+111

        The glory bonanza days of the 20c are gone forever, we are all poorer now except the top 5-10% because of deliberate social wealth transfer to the rich policies : neoliberalism

        QFT

  1. Bearded Git 2

    The above listing is enough for just over 50 years at current usage assuming it can all be extracted.

  2. Draco T Bastard 3

    Few countries on that list are in sound political or social health.

    And the West seems determined to keep them that way as it makes grabbing the oil for themselves a hell of a lot easier.

    Those who have led the march away from oil dependence and towards a stable climate, such as the EU and China, are increasingly the world’s remaining peace-supporting poles.

    A major reason for Muldoon’s Think Big was to move us away from dependence upon imported oil. It’s a pity that no government since has realised the necessity of continuing that move.

    Of course, it’s no longer just a necessity to move away from a dependence upon imported oil but to move away from burning fossil fuels altogether.

  3. rocco siffred 4

    “Few countries on that list are in sound political or social health.”

    Well, if Venezuela is anything to go by, not even having the worlds largest oil reserves can turn Socialism into a worthwhile way of running an economy.

    • Draco T Bastard 4.1

      Well, if the capitalists in both Venezuela and the US stopped attacking them they’d fare better.

      • rocco siffred 4.1.1

        I do not think it’s the fault of the US that Venezuela is importing 75,000 barrels a day of fuel. Should the Americans give it to them for free?

        • One Anonymous Bloke 4.1.1.1

          If the capitalists in both Venezuela and the US stopped attacking them they’d fare better.

          You may notice that this is exactly the same point as DtB made. I reiterated it because your “so-called answer” failed to address the point.

          Try and ignore your amygdala for a moment, eh.

          • rocco siffred 4.1.1.1.1

            “If the capitalists in both Venezuela and the US stopped attacking them they’d fare better.

            You may notice that this is exactly the same point as DtB made. I reiterated it because your “so-called answer” failed to address the point.”

            So the socialist revolution is dependent on the capitalists being nice to them is it? The US seems quite happy to buy their oil, and export back the refined products, do you expect it to be for free?

            • One Anonymous Bloke 4.1.1.1.1.1

              Do you expect that your strawman bullshit deserves an answer? How’s that Capitalist paradise Somalia working out?

              Name one single Venezuelan left wing policy that has been adopted by the NZ Left, you pathetic loser.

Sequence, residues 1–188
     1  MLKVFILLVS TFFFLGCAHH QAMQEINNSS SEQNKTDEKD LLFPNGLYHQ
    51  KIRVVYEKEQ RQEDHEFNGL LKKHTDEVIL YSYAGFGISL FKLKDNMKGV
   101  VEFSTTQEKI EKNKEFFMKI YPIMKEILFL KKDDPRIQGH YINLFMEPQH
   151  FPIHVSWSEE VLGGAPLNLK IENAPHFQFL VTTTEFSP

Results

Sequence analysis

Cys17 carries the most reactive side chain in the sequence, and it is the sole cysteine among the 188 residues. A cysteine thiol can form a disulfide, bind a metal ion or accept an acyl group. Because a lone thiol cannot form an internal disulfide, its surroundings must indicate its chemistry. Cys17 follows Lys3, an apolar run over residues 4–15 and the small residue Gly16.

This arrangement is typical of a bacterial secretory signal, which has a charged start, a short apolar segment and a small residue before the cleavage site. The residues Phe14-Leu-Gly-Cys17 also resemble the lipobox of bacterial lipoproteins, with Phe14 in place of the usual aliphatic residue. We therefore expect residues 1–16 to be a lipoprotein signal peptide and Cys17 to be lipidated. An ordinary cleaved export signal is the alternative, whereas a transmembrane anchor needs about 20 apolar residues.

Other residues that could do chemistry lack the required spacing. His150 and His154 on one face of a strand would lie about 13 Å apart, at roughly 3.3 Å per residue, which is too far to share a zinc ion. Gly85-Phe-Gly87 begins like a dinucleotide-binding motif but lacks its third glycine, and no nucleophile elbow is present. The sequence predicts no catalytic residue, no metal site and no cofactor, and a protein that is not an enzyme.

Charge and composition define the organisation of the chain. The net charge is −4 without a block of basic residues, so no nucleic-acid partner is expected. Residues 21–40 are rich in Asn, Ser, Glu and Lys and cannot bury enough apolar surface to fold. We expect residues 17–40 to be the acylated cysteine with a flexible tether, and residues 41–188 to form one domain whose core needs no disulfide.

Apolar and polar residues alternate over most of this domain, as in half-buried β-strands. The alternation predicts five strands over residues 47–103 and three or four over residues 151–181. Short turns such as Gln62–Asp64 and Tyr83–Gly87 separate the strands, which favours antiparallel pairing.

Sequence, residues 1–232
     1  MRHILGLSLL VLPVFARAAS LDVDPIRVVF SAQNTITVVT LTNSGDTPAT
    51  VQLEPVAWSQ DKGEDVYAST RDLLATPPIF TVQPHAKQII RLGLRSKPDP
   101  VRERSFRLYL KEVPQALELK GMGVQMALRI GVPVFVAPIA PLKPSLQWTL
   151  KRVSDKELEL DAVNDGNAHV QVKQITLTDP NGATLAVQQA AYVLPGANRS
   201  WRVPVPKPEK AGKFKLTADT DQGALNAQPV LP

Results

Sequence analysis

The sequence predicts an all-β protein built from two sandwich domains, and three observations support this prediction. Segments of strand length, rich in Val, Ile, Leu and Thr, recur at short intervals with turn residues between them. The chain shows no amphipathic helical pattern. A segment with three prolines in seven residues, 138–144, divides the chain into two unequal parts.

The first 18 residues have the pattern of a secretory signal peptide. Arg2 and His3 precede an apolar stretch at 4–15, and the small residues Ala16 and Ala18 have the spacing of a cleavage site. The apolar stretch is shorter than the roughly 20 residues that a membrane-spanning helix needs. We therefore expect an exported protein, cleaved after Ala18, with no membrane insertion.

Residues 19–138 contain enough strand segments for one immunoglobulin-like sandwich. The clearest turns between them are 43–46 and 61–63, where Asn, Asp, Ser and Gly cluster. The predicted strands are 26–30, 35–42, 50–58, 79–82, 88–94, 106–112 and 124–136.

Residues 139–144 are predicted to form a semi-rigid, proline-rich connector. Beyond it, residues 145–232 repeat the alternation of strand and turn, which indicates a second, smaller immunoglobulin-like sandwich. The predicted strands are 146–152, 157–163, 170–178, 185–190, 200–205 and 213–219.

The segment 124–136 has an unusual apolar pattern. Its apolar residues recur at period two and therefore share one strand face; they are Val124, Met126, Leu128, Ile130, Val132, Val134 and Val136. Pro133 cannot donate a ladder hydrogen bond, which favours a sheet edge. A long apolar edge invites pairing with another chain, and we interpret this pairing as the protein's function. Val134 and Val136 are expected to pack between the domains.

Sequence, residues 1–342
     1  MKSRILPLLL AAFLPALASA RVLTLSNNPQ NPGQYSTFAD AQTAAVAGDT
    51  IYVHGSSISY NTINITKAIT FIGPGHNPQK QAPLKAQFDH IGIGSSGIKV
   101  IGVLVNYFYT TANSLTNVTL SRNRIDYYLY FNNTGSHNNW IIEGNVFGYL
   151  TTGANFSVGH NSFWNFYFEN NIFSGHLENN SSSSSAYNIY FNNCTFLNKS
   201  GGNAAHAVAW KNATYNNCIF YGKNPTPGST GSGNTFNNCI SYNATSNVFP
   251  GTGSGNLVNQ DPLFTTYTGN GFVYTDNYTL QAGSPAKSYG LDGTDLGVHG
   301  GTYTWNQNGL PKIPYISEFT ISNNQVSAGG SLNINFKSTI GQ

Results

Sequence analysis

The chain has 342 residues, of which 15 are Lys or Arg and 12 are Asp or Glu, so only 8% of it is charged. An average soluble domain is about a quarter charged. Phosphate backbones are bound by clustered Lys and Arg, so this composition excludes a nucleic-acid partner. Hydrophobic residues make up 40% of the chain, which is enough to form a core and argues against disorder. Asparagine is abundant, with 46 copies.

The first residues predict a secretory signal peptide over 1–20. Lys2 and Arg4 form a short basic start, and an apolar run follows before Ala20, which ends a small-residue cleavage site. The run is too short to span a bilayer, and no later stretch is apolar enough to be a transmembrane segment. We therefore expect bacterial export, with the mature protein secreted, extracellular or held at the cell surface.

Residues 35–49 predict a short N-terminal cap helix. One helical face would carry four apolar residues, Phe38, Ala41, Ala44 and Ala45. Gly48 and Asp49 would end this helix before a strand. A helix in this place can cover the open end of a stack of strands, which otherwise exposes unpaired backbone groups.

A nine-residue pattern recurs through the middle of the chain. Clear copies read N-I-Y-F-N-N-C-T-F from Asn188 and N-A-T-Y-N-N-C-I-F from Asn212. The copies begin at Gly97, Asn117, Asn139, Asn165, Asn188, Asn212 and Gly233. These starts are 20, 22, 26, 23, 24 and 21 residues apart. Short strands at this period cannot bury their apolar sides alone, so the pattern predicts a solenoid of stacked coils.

• Richard McGrath

                You sound completely embittered, OAB. When was your last trip to Somalia and what were your thoughts on the conditions there?

                Interestingly, Somalia’s progress since 1990 has been better than many here might think. From the Somali diaspora comes remittances of USD1b a year, so there must be some confidence in Somali banks and infrastructure being able to function. GDP has risen at 2-4% per annum. It’s not all doom and gloom, and as one commentator noted without government there can be no corruption. There are a couple of summaries on Wikipedia that are worth a read:

                https://en.wikipedia.org/wiki/History_of_Somalia_(1991%E2%80%932006)
                https://en.wikipedia.org/wiki/Economy_of_Somalia

                Yes, they’re not authoritative, but give a hint that things aren’t as bad as many paint it. Do try and keep an open mind.

                • One Anonymous Bloke

                  *whoosh*

                  “Somalia” is a rhetorical response to “Venezuela”. There are far better metrics for the actual relative outcomes of “socialist” vs. “capitalist” policies.

                  Comparing individual US states, for example. Or NZ governments, but you righties don’t like that particular comparison very much, which is why you have to fall back on “Venezuela”.

        • Draco T Bastard 4.1.1.2

          [citation needed]

          How about we try this one:

          Venezuela, 868, 912, 755, 733, 776, 741

  4. greg 5

    western world cant afford an increase in interest rates the whole financial system is saturated in debt . in directly connected to energy. growth to pay down the debt isn’t possible either so all we are left with is money printing and the march towards war.

    • Draco T Bastard 5.1

      Pretty much.

      A heap of destruction done so that there’ll be lots of construction later for lots of profits for rich people. Never mind the huge profits for rich people from the manufacture of weapons.